Antarctic diptera: ecology, physiology and distribution
In contrast to northern polar areas, the dipteran fauna of Antarctica is depauperate, with only two naturally occurring species of Chironomidae. Surprisingly little is known of the biology of these species. One, Parochlus steinenii, reaches the southern limit of a distribution covering the high Andes, Tierra del Fuego, South Georgia and the South Shetland Islands in the maritime Antarctic. The other, Belgica antarctica, is endemic to the maritime Antarctic. What factors influence the distribution and past colonisation of these two species in the Antarctic?
Distributional data and evidence from an accidental introduction of a third chironomid (Eretmoptera murphyi) suggest that difficulty of colonisation is the major factor limiting the number of dipteran species present in the maritime Antarctic. Other sub-Antarctic species are likely to be preadapted to more rigorous conditions, should natural or man-induced colonisation opportunities occur.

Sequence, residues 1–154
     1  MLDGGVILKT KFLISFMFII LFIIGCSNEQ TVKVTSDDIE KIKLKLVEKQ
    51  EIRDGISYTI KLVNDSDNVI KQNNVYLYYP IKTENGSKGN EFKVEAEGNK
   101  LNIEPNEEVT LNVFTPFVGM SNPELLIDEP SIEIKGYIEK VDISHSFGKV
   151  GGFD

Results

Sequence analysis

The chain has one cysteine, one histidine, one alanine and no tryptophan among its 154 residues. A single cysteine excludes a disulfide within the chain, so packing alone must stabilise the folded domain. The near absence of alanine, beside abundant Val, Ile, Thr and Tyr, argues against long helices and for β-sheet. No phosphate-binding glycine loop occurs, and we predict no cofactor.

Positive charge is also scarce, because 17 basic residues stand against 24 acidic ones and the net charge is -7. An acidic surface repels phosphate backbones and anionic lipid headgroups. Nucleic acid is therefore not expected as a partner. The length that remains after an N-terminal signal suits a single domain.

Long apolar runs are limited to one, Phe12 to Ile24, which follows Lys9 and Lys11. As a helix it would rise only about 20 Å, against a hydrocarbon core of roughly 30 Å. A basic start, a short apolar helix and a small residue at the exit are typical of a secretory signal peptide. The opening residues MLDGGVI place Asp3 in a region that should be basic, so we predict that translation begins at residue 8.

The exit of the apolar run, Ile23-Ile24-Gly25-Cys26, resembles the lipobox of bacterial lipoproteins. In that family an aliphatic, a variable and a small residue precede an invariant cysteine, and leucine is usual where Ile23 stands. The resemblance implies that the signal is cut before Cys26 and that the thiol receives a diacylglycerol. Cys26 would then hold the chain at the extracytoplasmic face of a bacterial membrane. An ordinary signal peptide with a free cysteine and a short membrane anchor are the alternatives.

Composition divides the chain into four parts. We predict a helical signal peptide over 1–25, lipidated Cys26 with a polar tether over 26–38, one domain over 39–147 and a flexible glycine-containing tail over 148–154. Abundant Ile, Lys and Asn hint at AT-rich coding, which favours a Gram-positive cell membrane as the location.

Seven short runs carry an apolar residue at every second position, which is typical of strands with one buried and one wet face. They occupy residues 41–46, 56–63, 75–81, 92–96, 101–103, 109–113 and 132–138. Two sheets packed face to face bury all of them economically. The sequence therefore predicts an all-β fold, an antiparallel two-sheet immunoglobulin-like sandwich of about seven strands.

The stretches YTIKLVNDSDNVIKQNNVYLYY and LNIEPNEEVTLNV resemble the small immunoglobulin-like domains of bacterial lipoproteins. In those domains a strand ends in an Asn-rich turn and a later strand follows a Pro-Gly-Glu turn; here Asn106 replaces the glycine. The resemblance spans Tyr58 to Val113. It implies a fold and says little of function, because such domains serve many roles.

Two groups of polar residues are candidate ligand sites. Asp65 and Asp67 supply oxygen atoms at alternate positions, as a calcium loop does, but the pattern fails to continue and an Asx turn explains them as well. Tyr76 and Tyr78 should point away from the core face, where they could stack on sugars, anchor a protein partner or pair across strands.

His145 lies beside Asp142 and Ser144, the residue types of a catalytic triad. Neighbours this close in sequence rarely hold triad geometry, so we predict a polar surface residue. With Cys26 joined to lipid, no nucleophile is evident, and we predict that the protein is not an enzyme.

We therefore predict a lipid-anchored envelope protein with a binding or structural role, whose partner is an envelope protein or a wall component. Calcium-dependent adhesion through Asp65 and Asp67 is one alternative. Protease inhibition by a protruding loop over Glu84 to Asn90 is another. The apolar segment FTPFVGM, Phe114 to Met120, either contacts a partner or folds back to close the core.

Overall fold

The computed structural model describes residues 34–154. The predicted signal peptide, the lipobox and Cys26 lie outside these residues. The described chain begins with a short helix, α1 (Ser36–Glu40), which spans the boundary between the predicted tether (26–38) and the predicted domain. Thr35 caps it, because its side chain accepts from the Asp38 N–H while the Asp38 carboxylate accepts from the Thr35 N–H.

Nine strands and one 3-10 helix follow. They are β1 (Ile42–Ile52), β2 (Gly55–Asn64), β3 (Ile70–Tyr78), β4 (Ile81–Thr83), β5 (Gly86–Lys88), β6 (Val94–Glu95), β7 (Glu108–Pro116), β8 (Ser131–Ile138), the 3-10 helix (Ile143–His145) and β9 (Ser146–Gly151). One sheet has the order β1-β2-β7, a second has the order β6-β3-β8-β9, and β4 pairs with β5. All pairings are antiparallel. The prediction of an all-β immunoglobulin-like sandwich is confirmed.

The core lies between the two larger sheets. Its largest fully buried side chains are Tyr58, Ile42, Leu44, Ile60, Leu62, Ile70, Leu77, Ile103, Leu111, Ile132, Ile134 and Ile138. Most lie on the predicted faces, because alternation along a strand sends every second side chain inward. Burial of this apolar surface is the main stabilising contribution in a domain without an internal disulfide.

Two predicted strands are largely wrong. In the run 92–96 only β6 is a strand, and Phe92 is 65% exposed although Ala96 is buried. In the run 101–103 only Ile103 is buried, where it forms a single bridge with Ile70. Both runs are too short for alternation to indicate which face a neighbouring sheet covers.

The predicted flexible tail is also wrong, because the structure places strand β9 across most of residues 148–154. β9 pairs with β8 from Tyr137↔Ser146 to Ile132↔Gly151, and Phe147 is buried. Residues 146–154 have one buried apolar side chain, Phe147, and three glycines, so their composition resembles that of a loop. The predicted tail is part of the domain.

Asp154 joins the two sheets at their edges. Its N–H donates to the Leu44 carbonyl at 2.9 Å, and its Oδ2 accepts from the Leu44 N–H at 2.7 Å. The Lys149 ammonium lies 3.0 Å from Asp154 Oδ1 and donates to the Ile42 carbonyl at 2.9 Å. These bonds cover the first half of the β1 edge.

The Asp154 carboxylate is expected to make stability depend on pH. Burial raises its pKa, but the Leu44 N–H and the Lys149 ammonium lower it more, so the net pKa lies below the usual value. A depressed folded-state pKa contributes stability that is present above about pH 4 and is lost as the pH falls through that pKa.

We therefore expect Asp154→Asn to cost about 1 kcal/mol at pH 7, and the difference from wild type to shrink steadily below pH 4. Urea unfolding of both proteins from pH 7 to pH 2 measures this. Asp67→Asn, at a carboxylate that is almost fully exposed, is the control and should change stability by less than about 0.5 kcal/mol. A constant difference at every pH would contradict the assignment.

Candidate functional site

Evidence from physiological and ecological studies identify adaptations which allow these two species to survive in the harsh terrestrial environment of Antarctica. Life history characteristics of all three species include flexibility in development rates and size achieved, and the ability to continue activity at low positive temperatures. The distribution of the endemic B. antarctica is probably limited by the availability of suitable moist, vegetated, habitats and its brachyptery, rather than biological constraints directly, whereas the southern distribution of P. steinenii may be temperature-limited. Competition does not appear to be an important factor in the biology and ecology of either species, or in Antarctic terrestrial ecosystems generally.